The Scheme Soundtrack

The Scheme Soundtrack Album Title:
The Scheme Soundtrack
Record Label:
Scitron Digital Contents
Catalog No.:
Release Date:
August 21, 2002
Buy Used Copy


Yuzo Koshiro isn’t a stranger to the world of video games. In fact, he’s been there since the beginning of their popularity. His most popular works are comprised of the ActRaiser, Streets of Rage, and early Ys series. However, he’s also done a myriad of other works ranging from Castlevania: Portrait of Ruin to the Wangan Midnight series. He’s also a master of various styles, which can be seen in the soundtracks mentioned. However, The Scheme is probably the soundtrack that put on him on the map as this was his first big freelance composition. Its soundtrack was released just a little after The Revenge of Shinobi‘s in December 1989, but was reprinted in 2002 by Scitron Digitial Contents with a few changes here and there. How does it compare to some of his more popular works and is it worth listening to this album? You’ll just have to read on to find out.


This particular album is comprised of a duality of sorts. There are tracks that are featured in both Sound Board II chip tune format and their original synth format, while each sound version also has their own unique tracks. The first half of the album is in chip tune format, while the latter half is comprised of the original music.

The first half of the soundtrack, in my opinion, is the better half of the soundtrack. I rather prefer the simple chip tune versions of the tracks, rather than the originals, because they seem to have a bit more motivation and power behind them. However, despite this chip tune greatness, there are a few tracks that don’t really stand out. “Shout Down” is a track that definitely has some nice development going for it, but when you rely on chip tune for sound, the melody is of importance if you want to make a lasting track. To me, this track doesn’t really provide much impetus for continued listening, but it is a nice track overall. Another track with some nice developments, but a rather weak chip tune is “Death World.” Here, I think a bit of the sinisterness heard in the original is lost; however, it does manage to retain some of that feel.

On the other hand, the chip tune section also offers a lot of stellar tracks. For example, “Into the Lair” wasn’t included in the synth section, but it has a nice jazzy feel with a pretty decent melody. “Perpetual Dark!” is probably my second favorite piece on the album. It’s got a nice motivating melody, which is also infectiously catchy, and a nice overall feel to the track. It’s something truly magical! “Challenging Tomorrow” is another favorite of mine. While it follows the same pattern as the other catchy tracks on the album, this one seems to develop a bit better. I love the melody the most, though. It sounds very Mega Man-like, which is never a bad thing. My favorite theme, though, is “Thousand Eyes.” While some may find it less developed than “Challenging Tomorrow,” the composition itself makes up for that. The melody is extremely catchy and I love the overall feel of the track. It just has an aura about that makes you want to listen to it over and over again.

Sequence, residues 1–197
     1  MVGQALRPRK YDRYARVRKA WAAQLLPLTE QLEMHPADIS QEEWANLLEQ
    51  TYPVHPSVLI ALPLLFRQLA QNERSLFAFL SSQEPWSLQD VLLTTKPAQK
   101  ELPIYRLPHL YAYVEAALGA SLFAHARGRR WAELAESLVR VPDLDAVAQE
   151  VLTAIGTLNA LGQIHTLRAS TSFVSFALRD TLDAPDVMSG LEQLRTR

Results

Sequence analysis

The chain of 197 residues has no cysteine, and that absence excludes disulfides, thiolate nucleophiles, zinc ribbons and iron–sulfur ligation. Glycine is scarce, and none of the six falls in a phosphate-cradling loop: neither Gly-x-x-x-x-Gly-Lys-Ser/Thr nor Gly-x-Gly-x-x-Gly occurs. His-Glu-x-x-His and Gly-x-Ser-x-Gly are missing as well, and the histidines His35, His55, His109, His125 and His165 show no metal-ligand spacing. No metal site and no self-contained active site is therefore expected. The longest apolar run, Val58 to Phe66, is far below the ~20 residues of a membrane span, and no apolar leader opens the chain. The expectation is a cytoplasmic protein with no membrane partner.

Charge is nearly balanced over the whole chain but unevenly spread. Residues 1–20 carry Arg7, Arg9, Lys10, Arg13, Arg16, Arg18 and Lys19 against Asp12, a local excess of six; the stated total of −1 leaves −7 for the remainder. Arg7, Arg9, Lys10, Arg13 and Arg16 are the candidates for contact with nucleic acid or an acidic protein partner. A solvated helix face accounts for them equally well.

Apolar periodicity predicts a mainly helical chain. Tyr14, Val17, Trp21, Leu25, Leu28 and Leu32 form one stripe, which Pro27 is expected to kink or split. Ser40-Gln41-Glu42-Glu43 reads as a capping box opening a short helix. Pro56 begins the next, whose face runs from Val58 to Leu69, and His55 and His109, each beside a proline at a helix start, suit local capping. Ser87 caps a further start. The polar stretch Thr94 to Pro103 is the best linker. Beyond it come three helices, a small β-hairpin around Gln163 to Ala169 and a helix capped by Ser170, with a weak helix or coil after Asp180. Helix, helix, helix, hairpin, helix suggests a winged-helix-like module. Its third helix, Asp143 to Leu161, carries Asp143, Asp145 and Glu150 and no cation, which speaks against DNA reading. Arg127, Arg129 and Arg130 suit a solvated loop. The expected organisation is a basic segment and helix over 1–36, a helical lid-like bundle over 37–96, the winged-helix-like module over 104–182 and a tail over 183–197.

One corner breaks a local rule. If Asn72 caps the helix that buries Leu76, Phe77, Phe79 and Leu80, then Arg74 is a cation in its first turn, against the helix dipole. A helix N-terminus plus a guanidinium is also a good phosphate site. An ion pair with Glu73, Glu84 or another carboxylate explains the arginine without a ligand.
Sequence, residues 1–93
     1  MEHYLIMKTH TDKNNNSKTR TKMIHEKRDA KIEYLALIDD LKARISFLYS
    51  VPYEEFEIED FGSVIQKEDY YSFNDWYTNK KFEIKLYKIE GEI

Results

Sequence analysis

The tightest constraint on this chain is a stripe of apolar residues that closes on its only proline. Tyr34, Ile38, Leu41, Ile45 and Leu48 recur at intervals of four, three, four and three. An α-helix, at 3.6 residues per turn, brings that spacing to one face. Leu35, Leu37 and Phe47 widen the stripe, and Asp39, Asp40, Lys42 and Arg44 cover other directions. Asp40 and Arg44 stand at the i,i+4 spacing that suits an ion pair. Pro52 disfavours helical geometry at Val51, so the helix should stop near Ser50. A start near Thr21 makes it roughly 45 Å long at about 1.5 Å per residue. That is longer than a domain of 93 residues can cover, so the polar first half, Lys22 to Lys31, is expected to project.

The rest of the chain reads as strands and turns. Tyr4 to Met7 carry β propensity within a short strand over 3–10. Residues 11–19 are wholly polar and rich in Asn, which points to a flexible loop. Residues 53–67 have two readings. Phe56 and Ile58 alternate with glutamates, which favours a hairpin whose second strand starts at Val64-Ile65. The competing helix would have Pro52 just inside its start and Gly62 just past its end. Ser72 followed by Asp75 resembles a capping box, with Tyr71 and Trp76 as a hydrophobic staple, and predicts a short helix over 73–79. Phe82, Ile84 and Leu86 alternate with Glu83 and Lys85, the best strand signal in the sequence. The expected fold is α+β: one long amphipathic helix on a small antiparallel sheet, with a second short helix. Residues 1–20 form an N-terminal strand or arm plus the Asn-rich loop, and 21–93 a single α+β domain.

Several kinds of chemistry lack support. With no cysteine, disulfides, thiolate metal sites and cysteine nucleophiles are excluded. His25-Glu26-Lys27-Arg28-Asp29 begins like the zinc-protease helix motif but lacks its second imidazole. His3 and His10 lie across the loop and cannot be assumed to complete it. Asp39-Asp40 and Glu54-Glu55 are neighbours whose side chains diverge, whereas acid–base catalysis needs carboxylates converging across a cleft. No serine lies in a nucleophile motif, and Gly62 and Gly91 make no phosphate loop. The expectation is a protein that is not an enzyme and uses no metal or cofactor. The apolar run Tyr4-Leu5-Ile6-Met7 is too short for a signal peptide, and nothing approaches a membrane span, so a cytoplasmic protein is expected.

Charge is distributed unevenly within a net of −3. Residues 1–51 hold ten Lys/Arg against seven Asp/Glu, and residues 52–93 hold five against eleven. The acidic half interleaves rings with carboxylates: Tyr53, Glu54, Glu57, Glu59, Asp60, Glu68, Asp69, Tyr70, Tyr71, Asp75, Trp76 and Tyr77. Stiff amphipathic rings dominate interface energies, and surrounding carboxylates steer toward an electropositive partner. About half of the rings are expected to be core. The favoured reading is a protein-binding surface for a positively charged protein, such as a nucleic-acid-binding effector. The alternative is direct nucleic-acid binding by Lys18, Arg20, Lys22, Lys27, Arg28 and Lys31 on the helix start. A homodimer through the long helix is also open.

As mentioned before, the synthesized versions of some of the tracks mentioned above don’t sound as good as their simpler counterpart. Examples of these include “Perpetual Dark!” and “The Force Rotted Away – Thousand Eyes.” While the tracks themselves contain the same strong melody as before, I feel that the choice of instrumentation seems to weaken the overall effect of these tracks. The pseudo-trance style of “Perpetual Dark!” makes the track seem extremely light in atmosphere and really doesn’t provide the oomph the other had. As for “Thousand Eyes,” it’s not as bad as “Perpetual Dark!” was but my gripe here is the percussion. By adding a steady percussion line with the occasional accent, there are some sections of the track where percussion in the chip tune version shines and is absent in this version. They’re still enjoyable, but nothing to get excited over.

On the other hand, “I’ll Save You All My Justice” is actually a better representation than its sound board version counterpart. While it can get a bit old after a while, this version is much better. The melody is accentuated by the percussion line and the development in this version is superb since so many different synth styles are used. It’s truly a feast for the ears. As previously mentioned, the “Death World” piece sounds extremely sinister and, while short and simple, provides an interesting contrast to the peppy soundtrack provided. While the original version isn’t the best, it still has its moments.


The Scheme is definitely an interesting soundtrack. While I prefer the chip tune to the synth version, others may think differently. Either way, there is something here for everyone, between the infectiously catchy melodies or the contrast between versions. I think most people will enjoy this and will be able to understand how this soundtrack pretty much put Koshiro on the map for freelance work despite the obscurity of the actual game.

The Scheme Soundtrack Don Kotowski

Do you agree with the review and score? Let us know in the comments below!


Posted on August 1, 2012 by Don Kotowski. Last modified on August 1, 2012.

About the Author

Currently residing in Philadelphia. I spend my days working in vaccine characterization and dedicate some of my spare time in the evening to the vast world of video game music, both reviewing soundtracks as well as maintaining relationships with composers overseas in Europe and in Japan.

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